“Now after a long time the master of those slaves came and settled accounts with them. The one who had received the $3,120,000 came up and brought $3,120,000 more, saying, ‘Master, you entrusted $3,120,000 to me. See, I give you back $6,240,000.’ His master said to him, ‘Well done, good and faithful slave. You were faithful with a few things; I will put you in charge of many things; enter into the joy of your master.’
“Also, the one who had received $1,250,000 came up and said, ‘Master, you entrusted $1,250,000 to me. See, I give you back $2,500,000.’ His master said to him, ‘Well done, good and faithful slave. You were faithful with a few things; I will put you in charge of many things; enter into the joy of your master.’
“And the one also who had received $625,000 came up and said, ‘Master, I knew you to be a hard man, reaping where you did not sow and gathering where you scattered no seed. And I was afraid and went away and hid your $625.000 in the ground. See, you have what is yours.’
“But his master answered and said to him, ‘You wicked, lazy slave, you knew that I reap where I did not sow and gather where I scattered no seed. Then you ought to have put my money in the bank, and on my arrival, I would have received my money back with interest. Therefore, take away the $625,000 from him, and give it to the one who has $6,240,000.’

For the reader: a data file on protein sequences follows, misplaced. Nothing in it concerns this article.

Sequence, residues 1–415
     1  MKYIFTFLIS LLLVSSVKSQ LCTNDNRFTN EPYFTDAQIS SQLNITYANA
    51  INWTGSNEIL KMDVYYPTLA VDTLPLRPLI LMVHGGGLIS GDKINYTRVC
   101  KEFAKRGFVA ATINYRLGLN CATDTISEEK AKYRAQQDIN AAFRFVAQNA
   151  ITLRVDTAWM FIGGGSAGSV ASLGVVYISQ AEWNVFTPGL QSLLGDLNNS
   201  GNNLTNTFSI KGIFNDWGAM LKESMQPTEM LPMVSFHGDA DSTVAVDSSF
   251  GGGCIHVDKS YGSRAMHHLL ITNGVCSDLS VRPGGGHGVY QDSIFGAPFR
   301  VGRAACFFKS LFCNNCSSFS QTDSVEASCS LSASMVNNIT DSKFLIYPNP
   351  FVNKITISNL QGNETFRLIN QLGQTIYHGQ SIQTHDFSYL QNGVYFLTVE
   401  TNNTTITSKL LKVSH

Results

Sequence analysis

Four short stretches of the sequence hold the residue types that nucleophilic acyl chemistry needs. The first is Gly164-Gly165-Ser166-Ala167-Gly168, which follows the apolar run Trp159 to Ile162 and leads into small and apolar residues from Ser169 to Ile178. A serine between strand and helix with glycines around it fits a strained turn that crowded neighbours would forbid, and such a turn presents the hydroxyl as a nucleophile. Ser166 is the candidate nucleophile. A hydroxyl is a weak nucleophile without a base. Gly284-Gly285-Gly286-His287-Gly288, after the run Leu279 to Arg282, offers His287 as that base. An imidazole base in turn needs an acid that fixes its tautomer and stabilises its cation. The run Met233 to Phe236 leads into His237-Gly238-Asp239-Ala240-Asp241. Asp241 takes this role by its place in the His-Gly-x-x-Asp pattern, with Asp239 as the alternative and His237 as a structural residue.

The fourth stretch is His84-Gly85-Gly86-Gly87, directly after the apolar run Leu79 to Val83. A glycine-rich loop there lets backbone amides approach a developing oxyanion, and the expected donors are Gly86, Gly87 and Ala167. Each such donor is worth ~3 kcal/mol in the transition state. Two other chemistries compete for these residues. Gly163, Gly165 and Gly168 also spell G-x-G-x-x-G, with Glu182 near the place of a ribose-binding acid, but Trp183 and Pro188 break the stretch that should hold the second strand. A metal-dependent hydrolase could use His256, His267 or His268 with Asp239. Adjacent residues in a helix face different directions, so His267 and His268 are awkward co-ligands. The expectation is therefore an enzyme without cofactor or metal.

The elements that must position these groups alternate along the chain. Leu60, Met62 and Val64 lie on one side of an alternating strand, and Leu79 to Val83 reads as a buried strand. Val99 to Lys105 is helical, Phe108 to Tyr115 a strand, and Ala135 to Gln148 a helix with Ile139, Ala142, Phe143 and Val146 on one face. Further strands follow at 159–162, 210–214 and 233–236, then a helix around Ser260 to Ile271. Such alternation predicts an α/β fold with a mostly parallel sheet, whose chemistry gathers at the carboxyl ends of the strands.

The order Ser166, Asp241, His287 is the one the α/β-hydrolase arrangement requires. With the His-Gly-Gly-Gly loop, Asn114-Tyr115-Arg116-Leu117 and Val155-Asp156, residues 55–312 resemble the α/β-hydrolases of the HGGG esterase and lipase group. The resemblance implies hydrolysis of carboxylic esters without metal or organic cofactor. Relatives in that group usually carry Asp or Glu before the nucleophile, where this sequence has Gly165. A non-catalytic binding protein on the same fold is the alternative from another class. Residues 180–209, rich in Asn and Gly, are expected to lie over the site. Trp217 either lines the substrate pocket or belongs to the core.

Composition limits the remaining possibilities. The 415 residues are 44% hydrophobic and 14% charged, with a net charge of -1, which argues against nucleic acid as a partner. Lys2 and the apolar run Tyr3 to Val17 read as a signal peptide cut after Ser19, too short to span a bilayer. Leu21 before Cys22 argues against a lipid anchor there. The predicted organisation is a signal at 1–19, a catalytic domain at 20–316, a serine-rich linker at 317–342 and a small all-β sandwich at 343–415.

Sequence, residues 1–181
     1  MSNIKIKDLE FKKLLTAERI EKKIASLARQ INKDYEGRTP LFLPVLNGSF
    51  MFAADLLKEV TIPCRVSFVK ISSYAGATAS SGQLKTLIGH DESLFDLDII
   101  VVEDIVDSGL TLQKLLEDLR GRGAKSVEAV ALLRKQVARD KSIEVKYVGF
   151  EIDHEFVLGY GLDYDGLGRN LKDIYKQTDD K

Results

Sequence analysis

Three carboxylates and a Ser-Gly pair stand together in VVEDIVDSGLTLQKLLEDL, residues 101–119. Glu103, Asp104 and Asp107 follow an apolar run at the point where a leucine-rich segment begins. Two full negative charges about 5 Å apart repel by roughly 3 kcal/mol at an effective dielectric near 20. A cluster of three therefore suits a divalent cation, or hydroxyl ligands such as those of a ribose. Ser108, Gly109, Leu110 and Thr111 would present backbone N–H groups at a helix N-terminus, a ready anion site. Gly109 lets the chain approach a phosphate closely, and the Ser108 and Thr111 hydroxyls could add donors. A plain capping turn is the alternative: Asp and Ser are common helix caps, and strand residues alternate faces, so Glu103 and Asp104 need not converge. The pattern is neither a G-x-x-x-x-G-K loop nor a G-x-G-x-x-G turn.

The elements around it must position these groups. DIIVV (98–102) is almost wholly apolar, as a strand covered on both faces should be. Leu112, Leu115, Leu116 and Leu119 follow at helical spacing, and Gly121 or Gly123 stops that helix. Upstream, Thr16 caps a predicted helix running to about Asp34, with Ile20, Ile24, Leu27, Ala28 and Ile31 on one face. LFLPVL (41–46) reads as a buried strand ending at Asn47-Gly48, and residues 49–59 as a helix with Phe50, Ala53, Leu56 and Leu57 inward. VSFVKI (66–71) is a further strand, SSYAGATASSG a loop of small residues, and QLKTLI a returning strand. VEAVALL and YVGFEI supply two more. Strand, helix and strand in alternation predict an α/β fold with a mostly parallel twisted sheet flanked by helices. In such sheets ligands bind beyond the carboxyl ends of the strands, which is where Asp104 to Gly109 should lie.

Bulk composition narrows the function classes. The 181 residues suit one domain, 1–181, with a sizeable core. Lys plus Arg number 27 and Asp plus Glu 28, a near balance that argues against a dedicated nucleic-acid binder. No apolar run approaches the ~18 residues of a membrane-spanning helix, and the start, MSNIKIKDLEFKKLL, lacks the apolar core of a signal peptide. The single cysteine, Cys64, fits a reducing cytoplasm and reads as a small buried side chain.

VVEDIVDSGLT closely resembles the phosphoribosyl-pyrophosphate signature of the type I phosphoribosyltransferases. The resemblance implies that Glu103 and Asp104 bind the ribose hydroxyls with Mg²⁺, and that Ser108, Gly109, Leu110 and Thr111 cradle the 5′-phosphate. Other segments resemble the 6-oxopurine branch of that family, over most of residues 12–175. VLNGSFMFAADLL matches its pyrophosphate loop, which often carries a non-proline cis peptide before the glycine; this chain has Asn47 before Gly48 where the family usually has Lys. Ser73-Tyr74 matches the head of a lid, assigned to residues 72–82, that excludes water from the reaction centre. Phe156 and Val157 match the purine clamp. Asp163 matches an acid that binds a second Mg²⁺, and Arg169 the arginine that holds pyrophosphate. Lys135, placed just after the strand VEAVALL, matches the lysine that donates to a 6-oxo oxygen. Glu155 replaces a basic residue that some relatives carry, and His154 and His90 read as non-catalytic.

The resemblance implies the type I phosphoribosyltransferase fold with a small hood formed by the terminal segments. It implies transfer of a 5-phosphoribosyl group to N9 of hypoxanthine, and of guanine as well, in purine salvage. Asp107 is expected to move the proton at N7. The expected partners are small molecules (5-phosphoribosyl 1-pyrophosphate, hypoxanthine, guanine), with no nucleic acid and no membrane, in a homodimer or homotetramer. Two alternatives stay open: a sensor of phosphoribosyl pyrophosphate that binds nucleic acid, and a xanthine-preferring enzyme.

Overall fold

“For to everyone who has, more shall be given, and he will have an abundance; but from the one who does not have, even what he does have shall be taken away. Throw out the worthless slave into the outer darkness; in that place there will be weeping and gnashing of teeth."
As you can now see, the man going on a journey was a very wealthy man. This wealthy man leaves his slaves with the responsibility of amounts of money that most of us couldn’t even fathom, let alone be responsible for it. Imagine that your employer left you with that much money to oversee and to account for when they returned, and you didn’t know when they would return. I can imagine some doing very well and others not so much, but I can imagine some doing nothing at all, in fact, I could imagine some that would not have anything to give back when their employer returned because they spent what they were given, even though it wasn’t theirs to spend. In Jesus’ story the wealthy man was very pleased with two of his slaves but angered by the one that returned the exact amount. The slave is labeled wicked and lazy because he did nothing to even try to make more, not even just put it in the bank to collect interest.